Over the past 15 years, the prevalence of opioid use disorder among pregnant women has increased 333% resulting in increased treatment needs during pregnancy.1 Medication-assisted treatment, consisting of opioid pharmacotherapy and behavioral health counseling, is the recommended, evidence-based treatment approach for opioid use disorder during pregnancy.2–5 A consensus of government agencies and professional organizations, including the American College of Obstetricians and Gynecologists, endorse the effectiveness of medication-assisted treatment for pregnant women, which improves maternal health outcomes by providing a stable opioid dosing regimen, reducing illicit drug use and decreasing behaviors that increase the risk for human immunodeficiency virus (HIV) and hepatitis C virus (HCV) infection.2–5 Medication-assisted treatment use during pregnancy also improves neonatal health outcomes by minimizing the fetal stress response that results from illicit opioid use.6
Despite recommendations, medication-assisted treatment is underused during pregnancy. Evaluations of the Treatment Episodes Data Set indicate that only half of pregnant women with opioid use disorder admitted to substance-use treatment facilities in the United States received opioid pharmacotherapy, which has remained relatively unchanged over the past 20 years.7,8 Although previous research highlights significant unmet treatment need, prior analyses are limited to publicly funded treatment programs, have not investigated differences in opioid pharmacotherapy type (methadone vs buprenorphine), and have not evaluated behavioral health counseling use, an important component of comprehensive substance use treatment.7,8 As such, a population-level assessment of temporal trends in medication-assisted treatment use patterns during pregnancy remain largely unknown.
State Medicaid programs comprise the single largest payer in the United States for pregnancy and births9 and are the primary insurer for women with opioid use disorder.10,11 Because of this, many women with opioid use disorder reengage or newly engage in health care services during pregnancy and obstetric providers often assume the critical role of linking patients to treatment.12 Thus, the purpose of this research is to describe temporal trends in medication-assisted treatment use among pregnant women with opioid use disorder enrolled in Pennsylvania Medicaid. Specifically, our objectives are to evaluate 1) individual-level factors associated with medication-assisted treatment use during pregnancy, 2) temporal trends in methadone compared with buprenorphine use across rural and urban geographic regions, and 3) corresponding temporal trends in behavioral health counseling use. Our evaluation can help focus ongoing efforts to expand treatment access and availability during pregnancy.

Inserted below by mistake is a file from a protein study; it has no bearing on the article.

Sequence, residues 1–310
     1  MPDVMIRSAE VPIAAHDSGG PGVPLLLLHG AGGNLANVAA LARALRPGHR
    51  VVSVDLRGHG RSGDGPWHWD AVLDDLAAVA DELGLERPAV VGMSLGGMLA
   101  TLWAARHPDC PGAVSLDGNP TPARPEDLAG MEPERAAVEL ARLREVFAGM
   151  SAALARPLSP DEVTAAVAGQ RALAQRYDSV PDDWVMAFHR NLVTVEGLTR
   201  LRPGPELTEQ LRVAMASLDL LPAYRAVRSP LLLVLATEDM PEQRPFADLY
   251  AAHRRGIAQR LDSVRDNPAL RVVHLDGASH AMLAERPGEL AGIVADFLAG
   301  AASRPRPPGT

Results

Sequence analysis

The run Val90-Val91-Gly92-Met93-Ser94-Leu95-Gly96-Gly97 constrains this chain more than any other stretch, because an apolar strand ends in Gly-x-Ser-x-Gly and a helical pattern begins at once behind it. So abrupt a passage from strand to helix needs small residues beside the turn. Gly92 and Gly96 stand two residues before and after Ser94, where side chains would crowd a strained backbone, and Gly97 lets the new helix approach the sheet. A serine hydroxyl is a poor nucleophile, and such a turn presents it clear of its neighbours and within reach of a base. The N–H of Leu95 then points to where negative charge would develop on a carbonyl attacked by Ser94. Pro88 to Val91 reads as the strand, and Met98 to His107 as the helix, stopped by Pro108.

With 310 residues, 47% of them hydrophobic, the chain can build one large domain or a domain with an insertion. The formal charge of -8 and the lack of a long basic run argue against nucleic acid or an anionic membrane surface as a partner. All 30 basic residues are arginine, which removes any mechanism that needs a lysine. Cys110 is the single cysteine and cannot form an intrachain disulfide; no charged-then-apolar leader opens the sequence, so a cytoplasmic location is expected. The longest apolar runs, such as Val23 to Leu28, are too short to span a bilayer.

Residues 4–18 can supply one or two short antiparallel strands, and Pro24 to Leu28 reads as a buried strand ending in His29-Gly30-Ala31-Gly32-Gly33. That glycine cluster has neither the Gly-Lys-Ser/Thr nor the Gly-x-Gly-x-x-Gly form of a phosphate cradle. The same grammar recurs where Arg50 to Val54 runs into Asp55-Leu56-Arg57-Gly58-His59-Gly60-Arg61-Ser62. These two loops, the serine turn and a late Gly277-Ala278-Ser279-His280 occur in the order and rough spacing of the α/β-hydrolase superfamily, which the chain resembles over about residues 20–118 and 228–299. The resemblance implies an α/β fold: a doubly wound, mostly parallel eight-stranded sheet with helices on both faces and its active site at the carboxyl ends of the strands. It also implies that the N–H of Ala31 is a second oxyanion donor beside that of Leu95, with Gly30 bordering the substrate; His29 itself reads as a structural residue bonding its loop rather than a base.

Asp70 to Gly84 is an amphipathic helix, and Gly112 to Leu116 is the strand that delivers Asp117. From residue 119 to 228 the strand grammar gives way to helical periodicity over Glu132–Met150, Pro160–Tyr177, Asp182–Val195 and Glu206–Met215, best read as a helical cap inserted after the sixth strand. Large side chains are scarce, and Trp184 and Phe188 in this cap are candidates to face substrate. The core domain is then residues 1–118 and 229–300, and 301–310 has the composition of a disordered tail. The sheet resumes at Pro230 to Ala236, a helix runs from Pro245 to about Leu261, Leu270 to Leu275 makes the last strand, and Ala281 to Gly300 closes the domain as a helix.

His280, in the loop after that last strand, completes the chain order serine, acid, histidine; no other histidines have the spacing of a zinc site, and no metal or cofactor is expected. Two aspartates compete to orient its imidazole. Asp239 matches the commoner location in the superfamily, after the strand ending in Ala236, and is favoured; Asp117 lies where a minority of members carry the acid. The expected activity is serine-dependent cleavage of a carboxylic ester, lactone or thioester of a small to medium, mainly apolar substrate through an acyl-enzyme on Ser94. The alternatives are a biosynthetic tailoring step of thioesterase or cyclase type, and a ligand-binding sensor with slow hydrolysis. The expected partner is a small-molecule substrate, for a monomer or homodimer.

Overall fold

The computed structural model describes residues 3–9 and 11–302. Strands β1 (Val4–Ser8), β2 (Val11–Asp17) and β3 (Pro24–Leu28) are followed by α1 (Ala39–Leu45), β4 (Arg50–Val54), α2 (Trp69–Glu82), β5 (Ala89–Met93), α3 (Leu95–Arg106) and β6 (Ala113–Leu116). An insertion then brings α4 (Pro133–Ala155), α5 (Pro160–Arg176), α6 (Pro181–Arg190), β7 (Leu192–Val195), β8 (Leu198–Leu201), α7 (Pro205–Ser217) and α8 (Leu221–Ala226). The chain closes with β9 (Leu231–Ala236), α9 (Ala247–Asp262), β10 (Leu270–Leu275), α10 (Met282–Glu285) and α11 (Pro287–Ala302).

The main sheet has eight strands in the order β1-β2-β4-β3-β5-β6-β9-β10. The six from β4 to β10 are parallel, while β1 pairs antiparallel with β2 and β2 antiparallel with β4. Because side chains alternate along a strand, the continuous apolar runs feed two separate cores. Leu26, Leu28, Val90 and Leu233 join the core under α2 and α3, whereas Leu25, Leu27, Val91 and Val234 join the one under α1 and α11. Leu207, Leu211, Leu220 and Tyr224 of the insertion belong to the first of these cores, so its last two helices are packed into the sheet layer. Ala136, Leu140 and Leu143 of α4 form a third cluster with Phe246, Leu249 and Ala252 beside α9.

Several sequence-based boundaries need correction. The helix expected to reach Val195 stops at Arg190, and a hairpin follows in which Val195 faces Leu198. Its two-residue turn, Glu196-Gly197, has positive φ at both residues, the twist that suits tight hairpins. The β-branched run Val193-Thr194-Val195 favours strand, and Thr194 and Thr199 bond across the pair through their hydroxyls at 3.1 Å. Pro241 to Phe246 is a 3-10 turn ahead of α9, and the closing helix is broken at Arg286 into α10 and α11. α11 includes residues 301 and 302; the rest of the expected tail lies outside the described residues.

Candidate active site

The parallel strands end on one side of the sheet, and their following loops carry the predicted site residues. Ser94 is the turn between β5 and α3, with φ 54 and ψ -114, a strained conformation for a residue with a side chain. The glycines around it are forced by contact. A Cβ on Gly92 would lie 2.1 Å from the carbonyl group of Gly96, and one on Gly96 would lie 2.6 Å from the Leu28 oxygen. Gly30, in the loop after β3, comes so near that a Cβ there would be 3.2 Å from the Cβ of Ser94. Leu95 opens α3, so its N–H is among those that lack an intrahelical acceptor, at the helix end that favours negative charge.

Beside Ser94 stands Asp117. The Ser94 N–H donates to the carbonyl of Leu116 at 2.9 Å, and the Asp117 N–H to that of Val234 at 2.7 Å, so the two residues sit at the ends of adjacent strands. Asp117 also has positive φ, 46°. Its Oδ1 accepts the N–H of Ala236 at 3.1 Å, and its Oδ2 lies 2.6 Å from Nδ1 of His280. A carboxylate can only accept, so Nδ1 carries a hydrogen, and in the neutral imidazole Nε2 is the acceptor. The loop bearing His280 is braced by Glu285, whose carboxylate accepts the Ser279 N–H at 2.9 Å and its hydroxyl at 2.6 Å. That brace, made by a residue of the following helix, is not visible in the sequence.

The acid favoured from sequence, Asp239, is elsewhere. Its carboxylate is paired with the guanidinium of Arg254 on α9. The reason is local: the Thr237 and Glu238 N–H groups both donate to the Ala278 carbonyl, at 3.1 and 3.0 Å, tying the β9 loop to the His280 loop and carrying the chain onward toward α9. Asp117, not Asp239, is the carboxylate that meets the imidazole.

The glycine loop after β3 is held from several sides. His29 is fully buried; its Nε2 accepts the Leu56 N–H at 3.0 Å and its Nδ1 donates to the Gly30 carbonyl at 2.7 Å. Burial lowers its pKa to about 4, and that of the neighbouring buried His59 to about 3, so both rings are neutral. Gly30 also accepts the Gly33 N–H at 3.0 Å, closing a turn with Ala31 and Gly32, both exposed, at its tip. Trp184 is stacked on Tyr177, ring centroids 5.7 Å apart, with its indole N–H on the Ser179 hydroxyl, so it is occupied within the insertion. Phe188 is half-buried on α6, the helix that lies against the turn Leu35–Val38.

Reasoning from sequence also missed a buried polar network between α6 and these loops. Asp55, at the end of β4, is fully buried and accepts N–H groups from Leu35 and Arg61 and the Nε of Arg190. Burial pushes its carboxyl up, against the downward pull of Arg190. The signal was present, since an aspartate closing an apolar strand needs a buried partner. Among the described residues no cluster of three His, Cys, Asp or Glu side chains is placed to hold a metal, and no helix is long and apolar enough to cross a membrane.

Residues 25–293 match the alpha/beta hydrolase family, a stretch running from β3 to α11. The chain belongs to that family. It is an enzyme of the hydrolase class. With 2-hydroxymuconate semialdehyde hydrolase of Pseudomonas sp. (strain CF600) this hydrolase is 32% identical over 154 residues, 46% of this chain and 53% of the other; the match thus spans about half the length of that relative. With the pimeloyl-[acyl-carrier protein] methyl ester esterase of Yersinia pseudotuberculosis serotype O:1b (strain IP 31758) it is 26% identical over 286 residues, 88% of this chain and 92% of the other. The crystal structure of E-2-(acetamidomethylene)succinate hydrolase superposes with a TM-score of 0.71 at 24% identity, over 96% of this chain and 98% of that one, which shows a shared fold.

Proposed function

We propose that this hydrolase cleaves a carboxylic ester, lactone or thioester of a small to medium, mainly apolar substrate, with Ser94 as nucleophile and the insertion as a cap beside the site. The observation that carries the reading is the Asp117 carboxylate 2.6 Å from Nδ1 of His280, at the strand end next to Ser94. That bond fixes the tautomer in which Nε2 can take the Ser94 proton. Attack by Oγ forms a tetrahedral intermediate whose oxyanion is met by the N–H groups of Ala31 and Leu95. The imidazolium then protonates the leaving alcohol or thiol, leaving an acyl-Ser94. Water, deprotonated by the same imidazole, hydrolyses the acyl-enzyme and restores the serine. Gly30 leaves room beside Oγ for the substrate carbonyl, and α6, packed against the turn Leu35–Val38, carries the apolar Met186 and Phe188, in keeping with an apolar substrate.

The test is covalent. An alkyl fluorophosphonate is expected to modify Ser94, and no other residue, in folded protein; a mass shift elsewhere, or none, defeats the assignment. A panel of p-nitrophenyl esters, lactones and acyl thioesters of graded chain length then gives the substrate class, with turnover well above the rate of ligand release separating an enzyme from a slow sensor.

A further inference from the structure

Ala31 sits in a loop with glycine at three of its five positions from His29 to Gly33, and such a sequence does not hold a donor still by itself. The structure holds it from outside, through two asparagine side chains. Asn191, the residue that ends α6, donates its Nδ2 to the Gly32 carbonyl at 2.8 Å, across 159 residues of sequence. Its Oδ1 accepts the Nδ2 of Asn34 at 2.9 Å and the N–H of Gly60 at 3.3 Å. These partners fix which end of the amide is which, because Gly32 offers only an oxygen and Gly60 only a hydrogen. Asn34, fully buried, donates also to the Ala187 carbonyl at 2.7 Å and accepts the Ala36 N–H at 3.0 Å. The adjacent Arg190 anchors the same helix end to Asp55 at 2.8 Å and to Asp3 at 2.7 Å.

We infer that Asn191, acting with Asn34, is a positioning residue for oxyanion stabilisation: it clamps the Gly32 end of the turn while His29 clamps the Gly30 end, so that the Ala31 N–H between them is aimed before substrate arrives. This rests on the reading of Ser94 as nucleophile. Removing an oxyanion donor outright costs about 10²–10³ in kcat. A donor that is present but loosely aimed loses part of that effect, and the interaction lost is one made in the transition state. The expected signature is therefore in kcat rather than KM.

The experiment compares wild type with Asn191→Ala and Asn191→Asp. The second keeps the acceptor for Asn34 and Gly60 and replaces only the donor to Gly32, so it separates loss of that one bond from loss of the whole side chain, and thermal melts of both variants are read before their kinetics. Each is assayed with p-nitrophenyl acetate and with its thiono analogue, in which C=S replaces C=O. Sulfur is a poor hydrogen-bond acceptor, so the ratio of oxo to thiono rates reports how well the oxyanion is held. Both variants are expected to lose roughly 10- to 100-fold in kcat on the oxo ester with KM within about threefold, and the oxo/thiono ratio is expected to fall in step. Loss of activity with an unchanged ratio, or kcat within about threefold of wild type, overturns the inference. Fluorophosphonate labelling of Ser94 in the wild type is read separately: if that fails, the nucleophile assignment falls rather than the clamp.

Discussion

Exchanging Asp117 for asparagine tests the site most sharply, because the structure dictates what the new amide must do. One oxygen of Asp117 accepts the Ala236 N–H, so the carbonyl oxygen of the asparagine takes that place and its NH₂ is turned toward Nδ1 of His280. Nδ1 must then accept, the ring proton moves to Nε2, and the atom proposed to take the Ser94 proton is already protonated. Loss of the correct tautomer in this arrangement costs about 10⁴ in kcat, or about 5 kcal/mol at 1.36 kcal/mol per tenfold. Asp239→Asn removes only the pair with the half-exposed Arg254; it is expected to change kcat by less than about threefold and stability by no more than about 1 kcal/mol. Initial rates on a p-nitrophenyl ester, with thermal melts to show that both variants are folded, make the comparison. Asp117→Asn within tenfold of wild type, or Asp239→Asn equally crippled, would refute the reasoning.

For this retrospective cohort study, we used administrative health care claims data from the Pennsylvania Department of Health and Human Services Medicaid Program. This dataset is composed of claims, encounters, and pharmacy data for all Medicaid enrollees in Pennsylvania (including Medicaid managed care and traditional fee-for-service plans) from January 1, 2008, to September 30, 2015. In Pennsylvania, Medicaid provides reimbursement for all components of medication-assisted treatment including methadone, buprenorphine, and behavioral health counseling services.13 Demographic information, including age, race-ethnicity, and county of residence identified by enrollee zip codes were obtained from patient enrollment files. Medication-assisted treatment use data, including buprenorphine prescription fills, methadone treatment services and behavioral health counseling visits were obtained from pharmacy, professional, outpatient, and inpatient claims data. Pennsylvania Medicaid includes 5 regions that correspond to state population centers and are served by different managed care organizations.14 These Medicaid regional classifications were used to identify variation in medication-assisted treatment use across geographic regions within Pennsylvania. The study was approved by the University of Pittsburgh, Institutional Review Board.
We identified Medicaid-enrolled women ages 15–44 years who had a live birth from January 1, 2009 to September 30, 2015, and who had an International Classification of Diseases, Ninth Revision (ICD-9) diagnosis of opioid use disorder (304.0X, 304.7X, 305.50, 305.51, 305.52) during their pregnancy. Because a woman could have more than one pregnancy in the dataset, the pregnancy was chosen as the unit of analysis and medication-assisted treatment use during each pregnancy was evaluated. Live births were identified using the date of delivery in inpatient data. The pregnancy period was approximated using an algorithm validated by the National Committee for Quality Assurance.15 Using this method, we calculated 280 days before the date of delivery to approximate the date of conception. Because we focused on pregnancies that resulted in a preterm or term live birth, if a woman had an interpregnancy interval of less than 24 weeks (less than 168 days), the later pregnancy was excluded from the analysis.